Longterm care facilities consistently employ LPNs and often have unfilled positions. In fact, it was estimated by the Massachusetts Senior Care Association that there were as many as 62 unfilled positions in Western Massachusetts in 2010. Primary care facilities and practices are increasingly employing of LPNs, also driving up the demand for qualified workers.
LPNs provide a wide range of basic medical care under the supervision of registered nurses and doctors. They often work directly with CNAs (Certified Nursing Assistants).
Licensed practical nurses:
- Care for patients directly by taking temperatures and blood pressures, dressing wounds and treating bedsores, collecting samples for lab analysis, and dispensing medications
- Help evaluate patients and create care plans by monitoring and reporting changes in patient conditions and collaborating with a care team that includes nursing assistants, nurses, and physicians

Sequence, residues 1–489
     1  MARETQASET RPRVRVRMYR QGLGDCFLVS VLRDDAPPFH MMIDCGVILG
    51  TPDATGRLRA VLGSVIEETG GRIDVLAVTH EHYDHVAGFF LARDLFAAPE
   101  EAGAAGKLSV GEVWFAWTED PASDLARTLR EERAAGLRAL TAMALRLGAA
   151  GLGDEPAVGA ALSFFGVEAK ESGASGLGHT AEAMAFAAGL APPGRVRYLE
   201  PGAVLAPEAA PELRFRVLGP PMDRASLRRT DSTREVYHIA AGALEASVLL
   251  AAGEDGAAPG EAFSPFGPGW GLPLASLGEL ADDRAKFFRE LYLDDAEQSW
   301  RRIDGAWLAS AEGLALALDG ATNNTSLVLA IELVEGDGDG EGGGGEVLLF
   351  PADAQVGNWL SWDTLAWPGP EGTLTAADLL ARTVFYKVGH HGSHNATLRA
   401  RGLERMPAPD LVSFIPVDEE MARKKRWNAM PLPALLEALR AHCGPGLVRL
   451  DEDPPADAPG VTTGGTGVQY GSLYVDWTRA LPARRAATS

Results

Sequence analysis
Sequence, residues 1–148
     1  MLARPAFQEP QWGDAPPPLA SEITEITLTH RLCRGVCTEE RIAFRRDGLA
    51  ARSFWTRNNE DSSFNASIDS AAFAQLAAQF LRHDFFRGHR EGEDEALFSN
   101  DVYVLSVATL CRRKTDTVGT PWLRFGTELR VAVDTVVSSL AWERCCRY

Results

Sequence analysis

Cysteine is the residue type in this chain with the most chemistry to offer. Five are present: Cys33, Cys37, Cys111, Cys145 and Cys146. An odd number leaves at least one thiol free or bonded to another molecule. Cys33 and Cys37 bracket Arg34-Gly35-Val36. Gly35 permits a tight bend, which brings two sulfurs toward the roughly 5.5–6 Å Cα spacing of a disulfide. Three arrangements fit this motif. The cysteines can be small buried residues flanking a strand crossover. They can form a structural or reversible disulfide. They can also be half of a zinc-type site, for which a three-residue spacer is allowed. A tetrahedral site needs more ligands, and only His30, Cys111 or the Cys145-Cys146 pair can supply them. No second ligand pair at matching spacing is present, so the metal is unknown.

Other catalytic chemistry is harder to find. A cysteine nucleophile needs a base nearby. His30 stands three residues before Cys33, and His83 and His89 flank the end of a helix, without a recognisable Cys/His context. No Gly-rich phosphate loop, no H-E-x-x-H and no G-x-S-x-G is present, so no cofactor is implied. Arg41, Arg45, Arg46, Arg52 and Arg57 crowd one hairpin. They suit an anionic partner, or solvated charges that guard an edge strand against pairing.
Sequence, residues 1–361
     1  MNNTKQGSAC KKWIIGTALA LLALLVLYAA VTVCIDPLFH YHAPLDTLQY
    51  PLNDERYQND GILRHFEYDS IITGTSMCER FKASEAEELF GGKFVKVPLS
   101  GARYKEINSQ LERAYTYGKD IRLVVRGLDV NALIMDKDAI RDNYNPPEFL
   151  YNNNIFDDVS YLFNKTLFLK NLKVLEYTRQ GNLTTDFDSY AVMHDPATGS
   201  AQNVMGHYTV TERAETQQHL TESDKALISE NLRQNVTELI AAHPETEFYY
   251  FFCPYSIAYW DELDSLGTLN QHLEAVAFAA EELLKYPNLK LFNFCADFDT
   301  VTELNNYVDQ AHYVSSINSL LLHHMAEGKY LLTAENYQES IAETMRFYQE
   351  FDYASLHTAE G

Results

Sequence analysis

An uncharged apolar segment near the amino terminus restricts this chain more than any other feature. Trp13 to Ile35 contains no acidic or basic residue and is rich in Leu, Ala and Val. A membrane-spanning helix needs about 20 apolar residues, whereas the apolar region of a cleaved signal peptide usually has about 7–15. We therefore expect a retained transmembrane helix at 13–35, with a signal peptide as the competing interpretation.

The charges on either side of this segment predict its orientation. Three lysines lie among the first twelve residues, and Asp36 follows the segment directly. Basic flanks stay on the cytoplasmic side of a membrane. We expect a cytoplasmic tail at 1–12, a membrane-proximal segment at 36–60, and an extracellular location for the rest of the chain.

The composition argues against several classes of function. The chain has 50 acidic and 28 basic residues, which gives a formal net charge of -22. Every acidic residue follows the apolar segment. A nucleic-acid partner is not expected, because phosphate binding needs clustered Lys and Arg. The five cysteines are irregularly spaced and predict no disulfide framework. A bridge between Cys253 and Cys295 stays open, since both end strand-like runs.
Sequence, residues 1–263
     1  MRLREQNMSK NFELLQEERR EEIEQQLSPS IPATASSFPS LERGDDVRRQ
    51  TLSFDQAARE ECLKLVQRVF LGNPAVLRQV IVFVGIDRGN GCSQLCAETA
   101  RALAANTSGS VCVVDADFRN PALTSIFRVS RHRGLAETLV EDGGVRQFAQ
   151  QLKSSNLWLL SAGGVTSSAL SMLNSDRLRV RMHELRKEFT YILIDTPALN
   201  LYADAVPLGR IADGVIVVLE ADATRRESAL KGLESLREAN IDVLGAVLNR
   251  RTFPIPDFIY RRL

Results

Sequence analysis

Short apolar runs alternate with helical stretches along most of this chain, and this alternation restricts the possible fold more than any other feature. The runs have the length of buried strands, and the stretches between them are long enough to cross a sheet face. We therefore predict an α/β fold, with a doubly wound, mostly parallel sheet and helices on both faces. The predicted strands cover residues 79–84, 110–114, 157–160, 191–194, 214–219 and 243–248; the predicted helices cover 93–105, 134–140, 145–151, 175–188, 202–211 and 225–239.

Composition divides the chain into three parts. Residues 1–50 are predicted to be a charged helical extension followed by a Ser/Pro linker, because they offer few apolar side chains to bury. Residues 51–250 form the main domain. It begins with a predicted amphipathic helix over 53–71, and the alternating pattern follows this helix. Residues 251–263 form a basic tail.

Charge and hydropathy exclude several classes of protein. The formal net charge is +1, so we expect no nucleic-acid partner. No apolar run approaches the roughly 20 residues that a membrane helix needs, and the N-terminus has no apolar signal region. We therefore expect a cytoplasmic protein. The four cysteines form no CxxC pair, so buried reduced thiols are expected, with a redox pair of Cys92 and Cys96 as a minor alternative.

- Update and share patient information according to healthcare privacy standards
Employment opportunities can be found in:
- Skilled nursing facilities
- Doctors’ offices
- Home care and hospice
- Other residential and long-term care facilities
Education and training requirements
To become an LPN, a high school diploma and completion of a certificate training program at a community college is required. All applicants will be required to pass a college placement exam prior to enrolling into the LPN program. This training is a combination of college-level course and supervised clinical practice. In order to become certified, LPNs are required to pass an exam. Many community college programs offer career pathway options for an LPN to become a Registered Nurse (RN).
LPNs are also expected to have:
- Strong math skills for calculating medication dosages
- A solid understanding of anatomy, physiology and biology
- Knowledge of patient’s rights and privacy requirements
- Strong oral and written communication and teamwork skills